Global stocks and bond yields rose on Wednesday as Washington moved closer to agreeing to a coronavirus stimulus package, pinning the dollar at its lowest for a month, Reuters reported.
The MSCI world equity index, which follows shares in nearly 50 countries, gained 0.1%, buoyed by a 0.5% gain for Asia-Pacific shares outside Japan.
Wall Street was also set for gains, with U.S. stock futures EScv1 up 0.3%.
European shares were however dragged down by the healthcare .SXDP and real estate .SX86P sectors. The broad Euro STOXX 600 .STOXX fell 0.2% in early trading, with Paris .FCHI and London .FTSE shares down 0.2% and 0.4% respectively.
The White House and Democrats in the U.S. Congress moved closer to agreement on a new coronavirus relief package as President Donald Trump said he was willing to accept a large aid bill despite opposition from his own Republican Party.
With just two weeks until the U.S. presidential election, Trump signaled a willingness to go along with more than $2.2 trillion in new COVID-19 relief, a figure Democrats have been pushing for months.
In response, U.S. Treasury yields hit a four-month high and the yield curve steepened as expectations grew for more fiscal spending. Investors also sold benchmark euro zone debt, with German Bunds DE10YT=RR rising to their highest for a week at -0.571%.
The moves in stocks and bonds highlight how importantly new stimulus is viewed for the U.S. and global economies, said Hugh Gimber, global market strategist at J.P. Morgan Asset Management.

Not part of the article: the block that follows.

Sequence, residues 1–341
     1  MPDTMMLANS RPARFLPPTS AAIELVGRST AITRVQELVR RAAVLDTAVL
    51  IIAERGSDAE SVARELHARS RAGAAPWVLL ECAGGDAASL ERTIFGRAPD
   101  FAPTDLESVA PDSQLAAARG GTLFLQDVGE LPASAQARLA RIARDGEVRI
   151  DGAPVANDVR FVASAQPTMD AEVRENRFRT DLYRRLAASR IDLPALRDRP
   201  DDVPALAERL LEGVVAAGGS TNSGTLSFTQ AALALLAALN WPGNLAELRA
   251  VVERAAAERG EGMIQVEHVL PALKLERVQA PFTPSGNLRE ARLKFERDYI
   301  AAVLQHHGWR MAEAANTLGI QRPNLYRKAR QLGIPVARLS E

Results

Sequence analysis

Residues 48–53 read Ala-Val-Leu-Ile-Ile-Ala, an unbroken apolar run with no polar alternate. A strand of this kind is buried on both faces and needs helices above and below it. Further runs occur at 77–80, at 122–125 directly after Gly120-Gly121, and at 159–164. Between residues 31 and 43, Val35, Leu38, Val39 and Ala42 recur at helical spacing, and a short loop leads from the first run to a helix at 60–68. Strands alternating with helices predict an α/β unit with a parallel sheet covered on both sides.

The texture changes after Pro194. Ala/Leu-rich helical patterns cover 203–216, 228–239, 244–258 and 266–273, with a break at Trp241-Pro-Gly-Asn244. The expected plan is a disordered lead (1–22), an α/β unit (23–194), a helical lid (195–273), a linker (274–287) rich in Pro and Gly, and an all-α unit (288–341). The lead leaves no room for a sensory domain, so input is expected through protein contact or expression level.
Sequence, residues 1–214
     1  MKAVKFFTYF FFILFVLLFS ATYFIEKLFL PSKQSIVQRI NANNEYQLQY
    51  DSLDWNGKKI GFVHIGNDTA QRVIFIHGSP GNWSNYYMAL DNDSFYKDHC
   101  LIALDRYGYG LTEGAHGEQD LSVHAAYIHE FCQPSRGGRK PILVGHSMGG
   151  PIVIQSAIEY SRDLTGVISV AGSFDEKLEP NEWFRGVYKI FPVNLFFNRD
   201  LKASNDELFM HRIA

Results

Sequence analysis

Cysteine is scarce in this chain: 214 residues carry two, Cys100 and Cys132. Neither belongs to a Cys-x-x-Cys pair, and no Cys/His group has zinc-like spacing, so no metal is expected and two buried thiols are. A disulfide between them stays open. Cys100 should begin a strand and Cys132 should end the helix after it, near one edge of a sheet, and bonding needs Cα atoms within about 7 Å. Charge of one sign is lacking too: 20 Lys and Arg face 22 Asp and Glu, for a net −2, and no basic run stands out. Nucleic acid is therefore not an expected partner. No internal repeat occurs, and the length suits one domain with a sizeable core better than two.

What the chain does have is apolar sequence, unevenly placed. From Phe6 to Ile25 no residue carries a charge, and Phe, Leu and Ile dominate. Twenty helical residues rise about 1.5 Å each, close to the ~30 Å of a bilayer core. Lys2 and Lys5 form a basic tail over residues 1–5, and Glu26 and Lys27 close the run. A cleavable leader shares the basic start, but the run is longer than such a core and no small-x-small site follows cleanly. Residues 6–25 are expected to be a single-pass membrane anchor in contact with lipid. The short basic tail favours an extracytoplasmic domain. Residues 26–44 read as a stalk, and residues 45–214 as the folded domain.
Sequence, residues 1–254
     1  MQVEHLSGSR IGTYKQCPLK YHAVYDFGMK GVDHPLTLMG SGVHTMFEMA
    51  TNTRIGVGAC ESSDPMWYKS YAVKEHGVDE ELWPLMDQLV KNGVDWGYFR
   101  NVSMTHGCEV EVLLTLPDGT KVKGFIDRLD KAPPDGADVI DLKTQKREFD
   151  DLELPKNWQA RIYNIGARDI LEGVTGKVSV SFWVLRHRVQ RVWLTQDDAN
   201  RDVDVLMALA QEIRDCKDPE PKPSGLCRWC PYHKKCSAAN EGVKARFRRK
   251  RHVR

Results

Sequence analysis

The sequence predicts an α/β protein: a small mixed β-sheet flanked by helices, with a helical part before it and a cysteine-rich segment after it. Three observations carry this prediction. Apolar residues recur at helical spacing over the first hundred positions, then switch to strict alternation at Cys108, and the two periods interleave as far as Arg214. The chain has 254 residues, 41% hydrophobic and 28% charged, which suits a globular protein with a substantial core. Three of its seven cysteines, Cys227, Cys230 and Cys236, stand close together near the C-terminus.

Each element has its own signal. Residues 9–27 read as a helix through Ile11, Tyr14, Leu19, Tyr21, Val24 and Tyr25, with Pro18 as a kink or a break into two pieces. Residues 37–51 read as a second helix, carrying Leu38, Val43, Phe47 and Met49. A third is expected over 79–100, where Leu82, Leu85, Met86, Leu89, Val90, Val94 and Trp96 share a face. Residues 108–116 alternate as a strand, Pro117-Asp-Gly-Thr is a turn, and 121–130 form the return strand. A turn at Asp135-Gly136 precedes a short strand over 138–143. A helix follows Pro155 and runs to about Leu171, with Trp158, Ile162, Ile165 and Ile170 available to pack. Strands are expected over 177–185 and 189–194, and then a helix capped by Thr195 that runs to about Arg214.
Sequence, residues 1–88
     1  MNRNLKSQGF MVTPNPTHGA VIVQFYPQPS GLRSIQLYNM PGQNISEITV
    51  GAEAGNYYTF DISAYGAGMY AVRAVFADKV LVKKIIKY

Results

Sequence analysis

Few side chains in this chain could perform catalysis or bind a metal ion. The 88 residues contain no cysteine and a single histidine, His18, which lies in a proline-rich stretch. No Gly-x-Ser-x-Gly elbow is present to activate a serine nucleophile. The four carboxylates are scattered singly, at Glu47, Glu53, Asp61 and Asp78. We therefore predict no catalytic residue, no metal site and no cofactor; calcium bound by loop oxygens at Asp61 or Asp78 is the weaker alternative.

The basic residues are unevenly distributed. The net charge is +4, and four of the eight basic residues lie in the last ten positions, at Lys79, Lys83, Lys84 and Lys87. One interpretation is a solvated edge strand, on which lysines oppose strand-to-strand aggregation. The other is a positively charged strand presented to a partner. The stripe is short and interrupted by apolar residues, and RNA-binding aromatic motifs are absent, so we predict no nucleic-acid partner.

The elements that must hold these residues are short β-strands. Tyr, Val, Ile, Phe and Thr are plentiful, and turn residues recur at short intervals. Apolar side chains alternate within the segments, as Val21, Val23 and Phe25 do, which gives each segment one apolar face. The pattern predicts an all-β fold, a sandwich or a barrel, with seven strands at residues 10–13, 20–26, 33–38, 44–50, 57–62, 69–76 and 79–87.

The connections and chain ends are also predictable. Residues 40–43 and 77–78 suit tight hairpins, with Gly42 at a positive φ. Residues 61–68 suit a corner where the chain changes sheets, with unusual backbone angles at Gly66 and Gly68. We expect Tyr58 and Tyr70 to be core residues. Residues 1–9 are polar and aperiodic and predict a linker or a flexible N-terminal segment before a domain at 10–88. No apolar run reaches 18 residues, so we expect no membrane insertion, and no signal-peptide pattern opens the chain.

“Everyone knows that more stimulus needs to come through,” he said, cautioning that any package may struggle to pass the Republican-controlled Senate. “But markets are perhaps not always right to be bouncing on speculation.”
Still, bond investors are pricing in a stimulus package, either by the election or early next year should the Democrats win the White House and Senate, Deutsche Bank analysts wrote. The chances of such a “Blue Wave” have risen notably in the last 3 weeks, they said.
The dollar hit a one-month low against a basket of currencies as optimism over a pre-election U.S. stimulus package bought riskier currencies.
The greenback was last down 0.2% at 92.849, with the doubts over whether any package can pass the Republican-controlled Senate kept the dollar from breaching last month’s two-month lows.
Underlying the potential for the Senate to dash investors’ hopes for more stimulus, a senior Senate Republican aide told Reuters that majority leader Mitch McConnell has privately told his fellow Republicans that he did not favour a deal before the Nov. 3 elections.
Still, underscoring appetite for risk among currency traders, the Chinese yuan hit a more than-two year top as the world’s No.2 economy rebounds strongly from the pandemic, dragging riskier Asian currencies along with it.